Somali forces ended an all-night siege on a hotel in the southern city of Kismayo on Saturday morning after gunmen stormed the building in an attack that killed 26 people.
A presidential candidate for coming regional elections was among the victims of the attack by four militants, Jubaland president Ahmed Madobe said.
At least two journalists and a UN agency staff member were also reported to have been killed.
The dead include three Kenyans, three Tanzanians, two Americans, one Canadian and one Briton, he said. Fifty-six people, including two Chinese, were injured in the hotel attack.
Al Shabab, which is trying to topple Somalia’s central government, claimed responsibility for the assault that began on Friday and lasted more than 14 hours. Fighters attacked the Medina Hotel after detonating a car bomb while local elders and politicians were meeting to discuss the elections.
“Among the dead was also a Jubaland presidential candidate named Shuuriye,” Mr Madobe said.
“Four militants attacked the hotel.
One of them was the suicide car bomber, two were shot dead and one was captured alive by Jubaland security forces.”
The Somalia office of the UN’s International Organisation for Migration also said on Twitter that one of its local staff members, Abdifatah Mohamed, was among those killed.
Sado Somalia, a local non-governmental organisation, said its executive director, Abdullahi Isse Abdulle, had been killed in the attack.
A journalists’ group confirmed on Friday that two journalists were among the victims — Somali-Canadian Hodan Nalayeh and Mohamed Sahal Omar, reporter for SBC TV in Kismayo.
“I’m absolutely devastated by the news of the death of our dear sister Hodan Nalayeh and her husband in a terrorist attack in Somalia today,” Texas imam Omar Suleiman, who knew the victim, wrote on social media. “What a loss to us. Her beautiful spirit shined through her work and the way she treated people.”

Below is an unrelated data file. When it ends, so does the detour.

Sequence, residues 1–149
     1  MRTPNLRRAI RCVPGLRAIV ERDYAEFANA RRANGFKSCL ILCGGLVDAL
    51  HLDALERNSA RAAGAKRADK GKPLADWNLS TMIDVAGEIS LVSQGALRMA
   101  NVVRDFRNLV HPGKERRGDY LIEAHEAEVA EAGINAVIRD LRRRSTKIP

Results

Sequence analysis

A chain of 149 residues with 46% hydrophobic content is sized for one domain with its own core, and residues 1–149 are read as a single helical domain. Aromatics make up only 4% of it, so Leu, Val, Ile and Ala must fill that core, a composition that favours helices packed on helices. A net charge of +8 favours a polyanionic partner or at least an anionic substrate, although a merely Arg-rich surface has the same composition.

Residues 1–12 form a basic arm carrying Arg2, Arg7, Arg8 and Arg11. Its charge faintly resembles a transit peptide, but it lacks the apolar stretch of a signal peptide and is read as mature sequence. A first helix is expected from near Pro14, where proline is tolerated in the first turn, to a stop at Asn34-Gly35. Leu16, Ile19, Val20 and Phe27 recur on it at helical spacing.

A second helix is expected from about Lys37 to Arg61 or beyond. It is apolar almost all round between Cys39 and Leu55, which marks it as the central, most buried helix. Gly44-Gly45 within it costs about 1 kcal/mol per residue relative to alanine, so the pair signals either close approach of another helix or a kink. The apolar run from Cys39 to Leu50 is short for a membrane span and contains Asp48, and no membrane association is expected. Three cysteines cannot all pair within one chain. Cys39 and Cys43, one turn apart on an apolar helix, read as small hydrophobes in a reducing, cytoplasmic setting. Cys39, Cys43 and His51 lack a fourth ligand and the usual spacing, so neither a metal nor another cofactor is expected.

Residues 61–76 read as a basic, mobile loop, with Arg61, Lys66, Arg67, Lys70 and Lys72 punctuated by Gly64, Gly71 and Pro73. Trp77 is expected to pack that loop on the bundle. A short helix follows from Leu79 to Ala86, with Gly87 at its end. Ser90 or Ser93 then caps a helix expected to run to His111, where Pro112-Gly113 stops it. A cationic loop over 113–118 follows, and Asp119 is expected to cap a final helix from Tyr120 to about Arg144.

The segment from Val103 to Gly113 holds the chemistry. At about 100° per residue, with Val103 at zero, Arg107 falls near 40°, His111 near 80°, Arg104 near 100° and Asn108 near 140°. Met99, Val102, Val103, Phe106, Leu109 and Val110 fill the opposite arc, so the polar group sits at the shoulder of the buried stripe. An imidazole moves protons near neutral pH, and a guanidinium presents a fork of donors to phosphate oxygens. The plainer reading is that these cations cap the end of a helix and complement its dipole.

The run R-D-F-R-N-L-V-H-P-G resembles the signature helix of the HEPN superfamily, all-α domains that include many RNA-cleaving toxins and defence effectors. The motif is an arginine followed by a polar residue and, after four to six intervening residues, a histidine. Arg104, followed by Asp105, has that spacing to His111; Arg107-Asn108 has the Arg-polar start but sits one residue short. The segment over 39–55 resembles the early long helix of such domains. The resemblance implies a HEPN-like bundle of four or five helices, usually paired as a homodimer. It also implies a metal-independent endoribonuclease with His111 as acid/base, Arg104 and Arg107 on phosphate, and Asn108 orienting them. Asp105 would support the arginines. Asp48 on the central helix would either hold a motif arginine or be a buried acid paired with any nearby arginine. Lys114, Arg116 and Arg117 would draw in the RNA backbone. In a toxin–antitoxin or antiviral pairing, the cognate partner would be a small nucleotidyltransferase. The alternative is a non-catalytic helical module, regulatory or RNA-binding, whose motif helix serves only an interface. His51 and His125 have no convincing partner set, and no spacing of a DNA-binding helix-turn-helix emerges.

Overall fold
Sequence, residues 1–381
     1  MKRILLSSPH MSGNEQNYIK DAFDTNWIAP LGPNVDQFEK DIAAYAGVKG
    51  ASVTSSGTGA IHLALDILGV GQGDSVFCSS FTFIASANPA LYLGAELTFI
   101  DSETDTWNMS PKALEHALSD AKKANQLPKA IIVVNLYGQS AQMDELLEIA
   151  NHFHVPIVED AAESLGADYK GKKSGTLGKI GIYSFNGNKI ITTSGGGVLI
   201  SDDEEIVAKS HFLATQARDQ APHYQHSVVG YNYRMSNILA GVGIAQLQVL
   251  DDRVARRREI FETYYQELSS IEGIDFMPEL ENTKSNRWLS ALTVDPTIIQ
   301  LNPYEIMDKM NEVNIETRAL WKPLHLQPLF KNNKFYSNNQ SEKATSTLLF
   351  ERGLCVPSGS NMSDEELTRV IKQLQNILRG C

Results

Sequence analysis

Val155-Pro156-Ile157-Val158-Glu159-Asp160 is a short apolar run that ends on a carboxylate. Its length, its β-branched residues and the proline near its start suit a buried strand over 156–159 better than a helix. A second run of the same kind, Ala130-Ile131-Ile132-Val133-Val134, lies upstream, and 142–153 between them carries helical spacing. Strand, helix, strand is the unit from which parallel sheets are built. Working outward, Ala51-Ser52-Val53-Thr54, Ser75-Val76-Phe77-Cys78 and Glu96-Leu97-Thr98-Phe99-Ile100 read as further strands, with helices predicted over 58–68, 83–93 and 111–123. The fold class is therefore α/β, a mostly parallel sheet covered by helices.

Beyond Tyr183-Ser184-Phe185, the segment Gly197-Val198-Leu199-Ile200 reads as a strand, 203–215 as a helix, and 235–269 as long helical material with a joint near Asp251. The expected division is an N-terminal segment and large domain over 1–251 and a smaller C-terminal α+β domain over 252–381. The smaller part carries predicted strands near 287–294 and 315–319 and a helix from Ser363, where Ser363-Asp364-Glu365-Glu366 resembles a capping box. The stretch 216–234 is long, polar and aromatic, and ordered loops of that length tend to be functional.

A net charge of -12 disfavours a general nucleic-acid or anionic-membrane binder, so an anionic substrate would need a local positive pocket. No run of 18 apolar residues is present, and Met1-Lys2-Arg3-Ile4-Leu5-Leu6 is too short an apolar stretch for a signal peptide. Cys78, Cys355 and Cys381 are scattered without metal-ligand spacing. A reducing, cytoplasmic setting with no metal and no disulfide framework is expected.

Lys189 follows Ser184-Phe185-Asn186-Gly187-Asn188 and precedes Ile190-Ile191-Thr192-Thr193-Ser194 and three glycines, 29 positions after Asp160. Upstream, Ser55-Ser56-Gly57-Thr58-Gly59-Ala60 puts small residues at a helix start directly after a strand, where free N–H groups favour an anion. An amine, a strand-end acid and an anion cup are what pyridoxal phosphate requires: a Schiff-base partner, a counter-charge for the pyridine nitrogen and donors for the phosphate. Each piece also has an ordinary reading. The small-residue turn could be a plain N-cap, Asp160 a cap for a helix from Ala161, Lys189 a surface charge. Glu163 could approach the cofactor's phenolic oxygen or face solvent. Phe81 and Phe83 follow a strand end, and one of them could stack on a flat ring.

Nalayeh was born in Somalia in 1976, but spent most of her life in Canada, first in Alberta and then Toronto.
She founded Integration TV, an international internet-based video production company aimed at Somali viewers around the world.
She was the first Somali woman media owner in the world.
"Through her work as a journalist, Hodan highlighted the community's positive stories and contributions in Canada. She became a voice for many," said Canada's immigration minister Ahmed Hussen.
"We mourn her loss deeply, and all others killed in the Kismayo Attack".
Mohamed Ibrahim Moalimuu, general secretary of the Federation of Somali Journalists, said: “We are saddened and outraged by this loss of life, and condemn in the strongest possible terms this appalling massacre.”
Al Shabab was ejected from Mogadishu in 2011 and has since been driven from most of its other strongholds.
It was pushed out of Kismayo in 2012.
The city’s port had been a major source of revenue for the group from taxes, charcoal exports and levies on arms and other illegal imports. The terrorist group remains a major security threat, with fighters frequently carrying out bombings in Somalia and neighbouring Kenya, whose troops form part of the African Union-mandated peacekeeping force that helps defend the Somali government.